How Car Suspensions Work

Specialized Suspensions: Hot Rods

1923 T-bucket
1923 T-bucket
Photo courtesy Street Rod Central

­The classic American hot rod era lasted from 1945 to about 1965. Like Baja Bugs, classic hot rods required significant modification by their owners. Unlike Bu­gs, however, which are built on Volkswagen chassis, hot rods were built on a variety of old, often historical, car models: Cars manufactured before 1945 were considered ideal fodder for hot rod transformations because their bodies and frames were often in good shape, while their engines and transmissions needed to be replaced completely. For hot rod enthusiasts, this was exactly what they wanted, for it allowed them to install more reliable and powerful engines, such as the flathead Ford V8 or the Chevrolet V8.

One popular hot rod was known as the T-bucket because it was based on the Ford Model T. The stock Ford suspension on the front of the Model T consisted of a solid I-beam front axle (a dependent suspension), a U-shaped buggy spring (leaf spring) and a wishbone-shaped radius rod with a ball at the rear end that pivoted in a cup attached to the transmission. Ford's engineers built the Model T to ride high with a large amount of suspension movement, an ideal design for the rough, primitive roads of the 1930s. But after World War II, hot rodders began experimenting with larger Cadillac or Lincoln engines, which meant that the wishbone-shaped radius rod was no longer applicable. Instead, they removed the center ball and bolted the ends of the wishbone to the framerails. This "split wishbone" design lowered the front axle about 1 inch (2.5 cm) and improved vehicle handling.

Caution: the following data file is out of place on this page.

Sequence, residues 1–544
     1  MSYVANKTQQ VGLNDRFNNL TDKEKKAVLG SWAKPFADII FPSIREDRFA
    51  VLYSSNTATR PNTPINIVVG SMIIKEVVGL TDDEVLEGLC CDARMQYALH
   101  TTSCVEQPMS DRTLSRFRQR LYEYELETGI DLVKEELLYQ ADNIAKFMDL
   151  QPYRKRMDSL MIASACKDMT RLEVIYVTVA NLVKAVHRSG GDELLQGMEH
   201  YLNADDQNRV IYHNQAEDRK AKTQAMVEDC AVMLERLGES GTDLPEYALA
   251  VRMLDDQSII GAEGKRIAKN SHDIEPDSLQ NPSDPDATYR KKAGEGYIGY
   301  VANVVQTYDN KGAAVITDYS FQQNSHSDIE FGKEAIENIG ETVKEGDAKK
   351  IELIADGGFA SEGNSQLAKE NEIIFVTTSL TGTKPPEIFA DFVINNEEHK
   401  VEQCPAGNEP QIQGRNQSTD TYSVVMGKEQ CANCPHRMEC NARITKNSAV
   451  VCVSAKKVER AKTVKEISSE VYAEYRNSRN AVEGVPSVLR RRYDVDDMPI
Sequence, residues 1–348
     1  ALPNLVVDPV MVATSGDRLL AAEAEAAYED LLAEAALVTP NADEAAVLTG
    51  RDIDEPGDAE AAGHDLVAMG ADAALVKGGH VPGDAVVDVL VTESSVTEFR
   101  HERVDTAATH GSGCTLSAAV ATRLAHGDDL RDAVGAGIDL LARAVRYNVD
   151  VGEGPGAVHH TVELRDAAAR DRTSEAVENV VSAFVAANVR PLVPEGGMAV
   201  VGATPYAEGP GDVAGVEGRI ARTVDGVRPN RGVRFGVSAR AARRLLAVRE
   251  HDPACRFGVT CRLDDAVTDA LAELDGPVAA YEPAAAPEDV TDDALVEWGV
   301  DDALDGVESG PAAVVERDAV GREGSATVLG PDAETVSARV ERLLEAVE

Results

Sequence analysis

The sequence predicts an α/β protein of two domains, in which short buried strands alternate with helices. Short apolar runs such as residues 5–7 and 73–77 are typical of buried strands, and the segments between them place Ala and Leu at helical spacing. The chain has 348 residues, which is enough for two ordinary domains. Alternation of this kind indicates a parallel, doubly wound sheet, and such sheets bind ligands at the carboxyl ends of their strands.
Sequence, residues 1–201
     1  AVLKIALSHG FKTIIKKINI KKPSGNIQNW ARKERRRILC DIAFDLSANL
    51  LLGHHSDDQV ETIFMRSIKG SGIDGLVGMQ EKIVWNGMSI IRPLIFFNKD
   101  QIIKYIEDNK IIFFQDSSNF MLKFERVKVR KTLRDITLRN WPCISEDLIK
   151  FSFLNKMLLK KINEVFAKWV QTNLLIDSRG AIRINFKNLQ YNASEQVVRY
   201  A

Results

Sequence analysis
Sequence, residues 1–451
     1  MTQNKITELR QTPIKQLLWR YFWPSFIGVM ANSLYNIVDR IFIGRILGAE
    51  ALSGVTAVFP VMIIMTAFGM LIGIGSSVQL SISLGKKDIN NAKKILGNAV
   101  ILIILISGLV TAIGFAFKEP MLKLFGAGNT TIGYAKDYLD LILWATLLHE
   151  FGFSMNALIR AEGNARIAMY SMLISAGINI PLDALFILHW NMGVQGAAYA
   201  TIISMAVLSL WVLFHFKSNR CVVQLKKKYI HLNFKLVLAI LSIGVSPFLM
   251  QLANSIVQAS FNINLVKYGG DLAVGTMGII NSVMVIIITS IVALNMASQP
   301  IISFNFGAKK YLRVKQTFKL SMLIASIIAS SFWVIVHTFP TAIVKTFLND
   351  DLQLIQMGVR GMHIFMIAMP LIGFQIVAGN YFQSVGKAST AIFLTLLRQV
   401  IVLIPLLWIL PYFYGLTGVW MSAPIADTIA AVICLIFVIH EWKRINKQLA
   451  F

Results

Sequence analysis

Lowering the axle more than an inch required a brand-new design, which was supplied by a company known as Bell Auto. Throughout the 1940s and 1950s, Bell Auto offered dropped tube axles that lowered the car a full 5 inches (13 cm). Tube axles were built from smooth, steel tubing and balanced strength with superb aerodynamics. The steel surface also accepted chrome plating better than the forged I-beam axles, so hot rodders often preferred them for their aesthetic qualities, as well.

Some hot rod enthusiasts, however, argued that the tube axle's rigidity and inability to flex compromised how it handled the stresses of driving. To accommodate this, hot rodders introduced the four-bar suspension, using two mounting points on the axle and two on the frame. At each mounting point, aircraft-style rod ends provided plenty of movement at all angles. The result? The four-bar system improved how the suspension worked in all sorts of driving conditions.